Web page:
Bilirubin and Ischemic Stroke: Rendering the Current Paradigm to Better Understand the Protective Effects of Bilirubin

  • Mrugesh Thakkar
  • Jurian Edelenbos
  • Sylvain Doré


Novel and innovative methods are critical in fostering new treatments and improving clinical outcomes in patients who suffer from ischemic stroke. Bilirubin has long been considered metabolic waste that can be harmful to the body; however, it is now becoming recognized as one of the body’s most potent antioxidant, anti-inflammatory, and neuroprotective molecules. These properties facilitate bilirubin’s anti-atherogenic effects to impede and prevent the formation of thrombi in ischemic stroke. These functions allow for protection from neuronal injury during an ischemic state and suggest that elevated bilirubin levels may be linked to a lower rate of morbidity and mortality. Therefore, here we discuss the pathophysiology of stroke and the molecular properties of bilirubin to better understand their beneficial relationship. We outline clinical studies looking at the relationship between serum bilirubin levels and ischemic stroke prevalence. At this time, few studies have rigorously looked at the relationship between bilirubin and ischemic stroke, whether it is positive or negative. Thus, rigorous research is needed to provide evidence supporting the current studies, expand on these studies, and facilitate their translation to bedside therapy for patients who suffer from ischemic stroke.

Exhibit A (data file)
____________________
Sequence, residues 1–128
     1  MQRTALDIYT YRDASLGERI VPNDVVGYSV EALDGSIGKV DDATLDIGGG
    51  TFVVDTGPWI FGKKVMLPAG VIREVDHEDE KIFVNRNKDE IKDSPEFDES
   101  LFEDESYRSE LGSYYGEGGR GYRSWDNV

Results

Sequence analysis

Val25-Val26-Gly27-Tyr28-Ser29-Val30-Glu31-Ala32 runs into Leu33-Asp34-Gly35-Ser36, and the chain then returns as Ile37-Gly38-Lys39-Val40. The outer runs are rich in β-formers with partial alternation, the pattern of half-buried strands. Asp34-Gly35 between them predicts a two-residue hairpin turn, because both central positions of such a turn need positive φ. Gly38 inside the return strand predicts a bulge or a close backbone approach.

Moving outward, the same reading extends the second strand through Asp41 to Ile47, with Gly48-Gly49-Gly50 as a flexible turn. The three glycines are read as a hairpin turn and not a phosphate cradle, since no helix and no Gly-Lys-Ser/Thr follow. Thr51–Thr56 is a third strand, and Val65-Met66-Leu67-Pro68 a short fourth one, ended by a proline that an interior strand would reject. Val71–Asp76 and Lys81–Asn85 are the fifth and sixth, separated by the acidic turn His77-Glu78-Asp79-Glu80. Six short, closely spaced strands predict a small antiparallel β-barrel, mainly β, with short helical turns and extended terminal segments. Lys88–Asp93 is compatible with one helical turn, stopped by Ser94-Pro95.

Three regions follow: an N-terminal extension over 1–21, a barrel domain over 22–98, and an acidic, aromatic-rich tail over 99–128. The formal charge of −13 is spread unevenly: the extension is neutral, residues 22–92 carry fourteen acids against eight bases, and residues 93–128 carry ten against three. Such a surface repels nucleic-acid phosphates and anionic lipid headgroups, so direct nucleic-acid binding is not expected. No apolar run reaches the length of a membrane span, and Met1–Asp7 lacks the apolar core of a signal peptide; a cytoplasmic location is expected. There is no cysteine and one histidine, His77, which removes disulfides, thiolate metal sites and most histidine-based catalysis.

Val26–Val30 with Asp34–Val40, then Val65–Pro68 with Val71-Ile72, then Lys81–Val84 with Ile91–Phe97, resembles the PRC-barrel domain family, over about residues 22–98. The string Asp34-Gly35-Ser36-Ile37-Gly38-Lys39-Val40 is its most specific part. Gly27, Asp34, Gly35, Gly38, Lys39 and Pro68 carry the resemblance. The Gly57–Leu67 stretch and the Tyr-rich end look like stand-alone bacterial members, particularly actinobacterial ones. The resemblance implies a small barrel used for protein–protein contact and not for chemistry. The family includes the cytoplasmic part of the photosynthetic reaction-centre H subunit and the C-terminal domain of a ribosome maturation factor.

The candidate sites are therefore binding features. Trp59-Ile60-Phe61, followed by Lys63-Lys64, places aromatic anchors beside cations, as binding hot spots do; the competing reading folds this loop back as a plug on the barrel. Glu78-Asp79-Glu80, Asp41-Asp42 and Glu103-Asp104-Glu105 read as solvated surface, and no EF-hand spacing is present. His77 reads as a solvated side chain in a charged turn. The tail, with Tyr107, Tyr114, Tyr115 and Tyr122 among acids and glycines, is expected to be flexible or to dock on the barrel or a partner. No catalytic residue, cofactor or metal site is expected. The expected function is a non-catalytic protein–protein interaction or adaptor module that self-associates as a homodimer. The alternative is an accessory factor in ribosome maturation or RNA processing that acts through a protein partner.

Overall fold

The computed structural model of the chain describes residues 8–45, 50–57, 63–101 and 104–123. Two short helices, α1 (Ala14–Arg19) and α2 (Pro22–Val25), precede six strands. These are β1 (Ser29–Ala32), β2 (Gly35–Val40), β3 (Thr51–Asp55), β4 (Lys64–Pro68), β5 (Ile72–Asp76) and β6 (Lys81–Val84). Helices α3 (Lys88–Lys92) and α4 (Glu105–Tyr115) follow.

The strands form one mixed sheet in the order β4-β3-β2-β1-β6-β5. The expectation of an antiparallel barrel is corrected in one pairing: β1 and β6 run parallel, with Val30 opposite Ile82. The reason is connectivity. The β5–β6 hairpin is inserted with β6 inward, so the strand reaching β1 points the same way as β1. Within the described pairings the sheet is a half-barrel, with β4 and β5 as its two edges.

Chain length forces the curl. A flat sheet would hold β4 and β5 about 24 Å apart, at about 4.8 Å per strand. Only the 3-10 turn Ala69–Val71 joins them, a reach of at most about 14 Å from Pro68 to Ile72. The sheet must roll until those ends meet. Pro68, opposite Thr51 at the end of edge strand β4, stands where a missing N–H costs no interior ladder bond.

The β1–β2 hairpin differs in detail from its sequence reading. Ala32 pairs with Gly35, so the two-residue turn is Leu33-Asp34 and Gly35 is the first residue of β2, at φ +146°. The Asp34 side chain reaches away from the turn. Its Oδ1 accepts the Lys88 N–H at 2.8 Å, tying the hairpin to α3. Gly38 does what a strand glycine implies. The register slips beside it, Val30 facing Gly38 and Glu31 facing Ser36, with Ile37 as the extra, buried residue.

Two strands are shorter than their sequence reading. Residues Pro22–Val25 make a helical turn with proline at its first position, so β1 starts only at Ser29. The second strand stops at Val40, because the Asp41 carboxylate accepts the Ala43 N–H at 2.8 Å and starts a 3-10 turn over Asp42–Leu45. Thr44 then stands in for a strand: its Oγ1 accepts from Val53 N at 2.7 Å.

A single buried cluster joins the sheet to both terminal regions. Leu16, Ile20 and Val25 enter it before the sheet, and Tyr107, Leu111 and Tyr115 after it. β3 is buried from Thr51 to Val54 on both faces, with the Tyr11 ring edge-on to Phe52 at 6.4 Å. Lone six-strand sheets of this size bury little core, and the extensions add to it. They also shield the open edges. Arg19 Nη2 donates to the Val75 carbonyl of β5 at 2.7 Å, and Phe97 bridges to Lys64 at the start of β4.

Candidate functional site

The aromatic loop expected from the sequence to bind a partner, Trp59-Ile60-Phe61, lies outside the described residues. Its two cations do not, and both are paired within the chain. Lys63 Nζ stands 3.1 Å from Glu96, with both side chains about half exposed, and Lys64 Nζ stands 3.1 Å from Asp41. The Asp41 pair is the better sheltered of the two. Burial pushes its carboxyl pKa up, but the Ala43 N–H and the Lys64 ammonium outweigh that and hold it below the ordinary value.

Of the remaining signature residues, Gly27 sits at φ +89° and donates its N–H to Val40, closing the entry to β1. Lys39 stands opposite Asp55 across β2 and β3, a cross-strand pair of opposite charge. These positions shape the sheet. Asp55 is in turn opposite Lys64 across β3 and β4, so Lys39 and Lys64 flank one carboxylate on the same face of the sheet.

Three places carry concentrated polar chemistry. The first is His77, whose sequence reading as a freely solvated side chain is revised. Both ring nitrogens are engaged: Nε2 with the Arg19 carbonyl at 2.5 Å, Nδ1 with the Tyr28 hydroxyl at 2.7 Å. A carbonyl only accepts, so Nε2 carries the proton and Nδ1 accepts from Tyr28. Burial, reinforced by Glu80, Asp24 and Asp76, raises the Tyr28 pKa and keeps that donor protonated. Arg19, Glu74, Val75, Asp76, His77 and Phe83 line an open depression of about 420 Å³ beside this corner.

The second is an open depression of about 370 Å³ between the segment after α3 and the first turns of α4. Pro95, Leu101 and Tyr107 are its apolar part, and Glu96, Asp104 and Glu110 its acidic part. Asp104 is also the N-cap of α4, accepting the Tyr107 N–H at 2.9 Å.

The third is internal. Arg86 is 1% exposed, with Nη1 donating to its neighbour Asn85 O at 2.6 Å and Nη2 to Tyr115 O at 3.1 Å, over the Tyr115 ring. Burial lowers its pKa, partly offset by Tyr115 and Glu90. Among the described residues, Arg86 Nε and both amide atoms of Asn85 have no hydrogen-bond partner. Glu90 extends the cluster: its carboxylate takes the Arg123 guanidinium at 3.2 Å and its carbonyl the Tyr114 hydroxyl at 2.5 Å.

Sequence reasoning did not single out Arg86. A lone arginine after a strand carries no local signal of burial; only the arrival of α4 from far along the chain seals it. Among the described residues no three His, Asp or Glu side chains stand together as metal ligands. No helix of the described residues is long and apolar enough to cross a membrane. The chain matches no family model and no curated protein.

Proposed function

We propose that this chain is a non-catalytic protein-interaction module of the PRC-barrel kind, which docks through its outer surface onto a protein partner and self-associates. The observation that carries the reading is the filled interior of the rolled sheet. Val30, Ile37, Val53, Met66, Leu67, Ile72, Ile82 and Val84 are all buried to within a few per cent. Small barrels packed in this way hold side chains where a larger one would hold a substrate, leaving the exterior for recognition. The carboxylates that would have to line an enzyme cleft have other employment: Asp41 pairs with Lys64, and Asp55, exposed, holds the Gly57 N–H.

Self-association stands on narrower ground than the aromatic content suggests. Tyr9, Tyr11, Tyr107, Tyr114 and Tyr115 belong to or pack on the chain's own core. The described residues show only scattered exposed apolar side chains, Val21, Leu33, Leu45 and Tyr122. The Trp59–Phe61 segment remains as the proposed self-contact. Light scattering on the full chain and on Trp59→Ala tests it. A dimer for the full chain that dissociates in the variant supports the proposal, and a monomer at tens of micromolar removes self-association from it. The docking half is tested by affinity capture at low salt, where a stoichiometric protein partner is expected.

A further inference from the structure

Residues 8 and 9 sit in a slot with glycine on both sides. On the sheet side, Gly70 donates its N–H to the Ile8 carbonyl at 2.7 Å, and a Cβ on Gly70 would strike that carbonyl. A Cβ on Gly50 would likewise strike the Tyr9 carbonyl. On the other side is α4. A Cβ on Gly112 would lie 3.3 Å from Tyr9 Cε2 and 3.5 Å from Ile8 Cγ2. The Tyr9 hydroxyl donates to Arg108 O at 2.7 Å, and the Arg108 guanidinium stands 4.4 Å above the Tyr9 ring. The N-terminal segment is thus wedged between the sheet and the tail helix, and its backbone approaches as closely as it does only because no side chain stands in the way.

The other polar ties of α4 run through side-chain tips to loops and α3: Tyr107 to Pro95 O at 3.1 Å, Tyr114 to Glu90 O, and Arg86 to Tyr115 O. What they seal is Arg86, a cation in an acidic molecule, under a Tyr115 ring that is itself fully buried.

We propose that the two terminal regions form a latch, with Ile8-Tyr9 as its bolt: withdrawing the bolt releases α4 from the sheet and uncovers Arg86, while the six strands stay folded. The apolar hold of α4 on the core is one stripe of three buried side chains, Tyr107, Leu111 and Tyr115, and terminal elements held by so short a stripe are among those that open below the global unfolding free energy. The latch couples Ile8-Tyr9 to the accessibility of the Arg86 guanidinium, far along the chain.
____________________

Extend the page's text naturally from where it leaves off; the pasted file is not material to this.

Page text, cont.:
Antioxidant Ischemia Outcomes Protection Treatment 



acute ischemic stroke


coronary heart disease


C-reactive protein


high-density lipoprotein


heme oxygenase 1


hazard ratio


intracellular adhesion molecule


ischemic stroke


large artery atherosclerosis


laclunar infarction


low-density lipoprotein


mitrogen-activated protein kinase


nicotinamide adenine dinucleotide phosphate


nuclear factor kappa B cells


odds ratio


partial anterior circulation infarction


posterior circulation infarction


phosphatase and tensin homolog




small-artery occlusion


cardioembolic stroke


standard deviation


stroke of undetermined etiology


single-nucleotide polymorphisms


total anterior circulation infarction


transient ischemic attack


tumor necrosis factor


uridine diphosphate glucuronosyltransferase


vascular cell adhesion protein


gamma-glutamyl transpeptidase


unconjugated bilirubin.



The authors wish to thank members of the Doré Lab and the University of Florida Center for Translational Research in Neurodegenerative Disease.

Funding Information

Part of the funding to support this work was provided by grants from the NIH, the AHA, Brain Aneurysm Foundation, and the Department of Anesthesiology.


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Authors and Affiliations

  1. 1.Department of Anesthesiology, Center for Translational Research in Neurodegenerative DiseaseMcKnight Brain Institute, University of FloridaGainesvilleUSA
  2. 2.Departments of Neurology, Psychiatry, Pharmaceutics, Psychology, and NeuroscienceUniversity of Florida College of MedicineGainesvilleUSA

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